Two other events being celebrated on February 14 are not so well known but are significant for Opus Dei: the 80th anniversary of the founding of the Women’s Branch, and the founding of the Priestly Society of the Holy Cross in 1943.
This article is not intended to describe Opus Dei (which I do not consider myself capable of). What I wish to take note of is the founding of the Women’s Branch of Opus Dei on Feb. 14, 1930 (I shall not discuss the other anniversary) -- a date which was long before the term "women’s liberation" (first used in the US in 1964) was invented. Originally, as I know it, the founder of Opus Dei, Josemaría Escrivá, had envisioned the Work as a movement for men in the secular world, and how they could respond to the call for holiness in their spheres of work. In 1930, however, he received the inspiration that the universality of Opus Dei must be reflected not only by embracing people in every sort of profession, but also by including women in its apostolic work, albeit done separately, in recognition of their different pastoral needs.
Next month, March, has for some time been declared Women’s Month. I shall jump the gun ahead of others who would be writing about topics related to women, and feminism as it is foisted upon women these days, and write about what being a woman means to me, and relatedly, how womanhood is uplifted by the words of St. Josemaría and the late beloved Pope John Paul II.
What I found interesting is the way woman is understood by both of them, and how they say that woman is not a "lesser man" as feminists imply when they want to imitate men and "fulfill" themselves only if they become "copies" of the other sex, or as they prefer to say, gender. I found this quote in an article: "Feminists have charged that Judaism and Christianity are sexist religions with a male God and traditions of male leadership that legitimate the superiority of men in family and society." I guess this is the whole object of "sexism" which some say should be abolished, thereby allowing women to be "themselves."
Let me share what I agree is the role of woman. It is "defined by two factors: her identity and her self determination. A woman, just like a man, has to be able to choose her own future, to pursue her own life project. To do this she must have the same opportunities as a man. And she will do this by reason of her own identity, being who she is without falling into the temptation of mimicry, without imitating the customs and manners of men, thinking that in this way she will find herself." (Patricia Mayorga, in El Mercurio, Santiago, 1996)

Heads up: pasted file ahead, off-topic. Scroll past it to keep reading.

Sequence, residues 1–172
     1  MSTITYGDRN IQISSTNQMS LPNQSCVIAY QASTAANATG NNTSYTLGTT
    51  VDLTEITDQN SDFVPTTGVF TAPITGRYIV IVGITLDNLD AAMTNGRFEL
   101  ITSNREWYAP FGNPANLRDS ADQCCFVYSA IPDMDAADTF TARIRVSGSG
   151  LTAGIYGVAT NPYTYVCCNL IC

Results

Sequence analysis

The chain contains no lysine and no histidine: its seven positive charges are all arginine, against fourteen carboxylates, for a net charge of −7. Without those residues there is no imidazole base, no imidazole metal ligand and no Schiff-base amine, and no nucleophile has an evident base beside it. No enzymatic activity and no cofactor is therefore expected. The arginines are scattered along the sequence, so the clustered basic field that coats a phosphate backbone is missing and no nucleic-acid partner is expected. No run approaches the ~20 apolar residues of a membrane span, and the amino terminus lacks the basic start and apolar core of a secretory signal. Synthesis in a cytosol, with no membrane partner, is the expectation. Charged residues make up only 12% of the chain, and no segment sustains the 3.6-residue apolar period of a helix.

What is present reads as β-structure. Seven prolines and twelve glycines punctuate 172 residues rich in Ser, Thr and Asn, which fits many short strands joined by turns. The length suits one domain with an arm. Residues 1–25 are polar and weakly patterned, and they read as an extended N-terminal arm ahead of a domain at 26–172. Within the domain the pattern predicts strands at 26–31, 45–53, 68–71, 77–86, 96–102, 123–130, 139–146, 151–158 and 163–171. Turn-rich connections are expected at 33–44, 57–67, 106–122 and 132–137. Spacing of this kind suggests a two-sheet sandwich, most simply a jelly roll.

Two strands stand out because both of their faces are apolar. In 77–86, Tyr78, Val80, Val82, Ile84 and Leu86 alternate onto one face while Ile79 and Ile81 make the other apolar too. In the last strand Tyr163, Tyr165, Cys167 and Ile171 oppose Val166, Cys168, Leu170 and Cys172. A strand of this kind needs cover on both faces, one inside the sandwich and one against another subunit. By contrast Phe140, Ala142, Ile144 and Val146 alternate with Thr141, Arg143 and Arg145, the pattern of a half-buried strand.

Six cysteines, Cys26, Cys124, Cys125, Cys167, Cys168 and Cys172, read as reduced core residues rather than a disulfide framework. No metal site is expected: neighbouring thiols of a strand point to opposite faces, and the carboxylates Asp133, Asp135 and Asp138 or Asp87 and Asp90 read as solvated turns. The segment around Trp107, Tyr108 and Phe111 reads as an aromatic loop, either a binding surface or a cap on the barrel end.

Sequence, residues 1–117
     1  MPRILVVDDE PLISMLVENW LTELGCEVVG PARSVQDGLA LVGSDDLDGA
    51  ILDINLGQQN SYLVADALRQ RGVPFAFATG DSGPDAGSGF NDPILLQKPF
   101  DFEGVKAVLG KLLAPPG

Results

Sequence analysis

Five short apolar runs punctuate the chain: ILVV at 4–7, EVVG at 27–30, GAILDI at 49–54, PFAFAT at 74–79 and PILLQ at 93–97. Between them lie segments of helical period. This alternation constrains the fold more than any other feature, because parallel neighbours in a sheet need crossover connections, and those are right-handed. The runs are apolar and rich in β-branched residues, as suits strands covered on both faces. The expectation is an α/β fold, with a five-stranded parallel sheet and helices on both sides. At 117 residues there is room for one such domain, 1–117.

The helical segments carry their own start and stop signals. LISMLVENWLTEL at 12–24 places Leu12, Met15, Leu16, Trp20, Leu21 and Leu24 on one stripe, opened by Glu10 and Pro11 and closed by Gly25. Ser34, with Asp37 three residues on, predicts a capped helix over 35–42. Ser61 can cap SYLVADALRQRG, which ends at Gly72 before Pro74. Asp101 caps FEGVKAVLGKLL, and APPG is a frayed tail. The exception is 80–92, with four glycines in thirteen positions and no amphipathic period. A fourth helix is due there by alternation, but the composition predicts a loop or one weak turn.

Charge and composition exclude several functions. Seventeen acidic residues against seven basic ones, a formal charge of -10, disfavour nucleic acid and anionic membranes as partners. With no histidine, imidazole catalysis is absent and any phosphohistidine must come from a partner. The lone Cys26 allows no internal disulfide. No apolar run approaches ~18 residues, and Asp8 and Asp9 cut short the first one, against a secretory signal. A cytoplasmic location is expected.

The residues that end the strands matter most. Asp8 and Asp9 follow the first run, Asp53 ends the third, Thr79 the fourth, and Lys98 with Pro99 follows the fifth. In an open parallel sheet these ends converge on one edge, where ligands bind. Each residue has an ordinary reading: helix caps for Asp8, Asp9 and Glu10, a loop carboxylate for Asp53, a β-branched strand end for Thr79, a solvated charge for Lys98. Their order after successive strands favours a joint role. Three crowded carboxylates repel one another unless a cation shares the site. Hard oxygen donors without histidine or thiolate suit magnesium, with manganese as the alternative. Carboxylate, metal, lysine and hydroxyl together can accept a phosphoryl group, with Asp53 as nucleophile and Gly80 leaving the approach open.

In a sense, Josemaría Escrivá’s ideas arrived many decades ahead of time. It was this foresight that enabled Centers of Opus Dei directed by women to be opened, because at the time hardly anyone believed that a woman could survive independently, without the help of a male partner, at least in what referred to the economic sphere and authority. It was foresight to encourage them from the beginning to develop activities with a wide range of apostolic activities in all fields and professions. He said to them, "You have all the conditions to be independent: in your own sphere of influence, since I have always been of the opinion that you should be autonomous, in your economic and corporate activities." Surely, these were revolutionary ideas, at that time, and even today.
Beloved Holy Father John Paul II also defended the rights of woman, praised their unique quality as helper and partner of man, and not as one inferior to him. He preached a new feminism that redefines the vocation and mission of woman, calling it the "genius of woman." He shows that she is gifted with a special sense for the concrete person, that she looks at persons with her heart, seeing persons independently of political or ideological systems. Sadly, our world today is so dominated by hedonism and a consumeristic culture that it is in danger of being depersonalized. The Holy Father felt that it needs the "genius of woman" to save and protect it from this threat.
So much rhetoric has been poured on the concern for "freeing" women from the so-called male-dominated socio-political and socio-cultural shackles, when, in fact, what is needed is to harness this "feminine genius" in all sectors of society -- whether they are running schools, active in businesses, working in the fields, working as politicians, journalists and artists, or working exclusively in work at the home. At the heart of progress in the community, society, and the nation, it has to be recognized that women play a key role -- as themselves, and not as poor imitations of the male.
The anniversary of the founding of the Women’s Center 80 years ago is a telling reminder that the Church has always considered woman as an equal of man. Each woman, in her own sphere of life, if she is faithful to her divine and human vocation, can achieve the fullness of her feminine personality, and indeed, "hold up half the sky" as an old saying goes.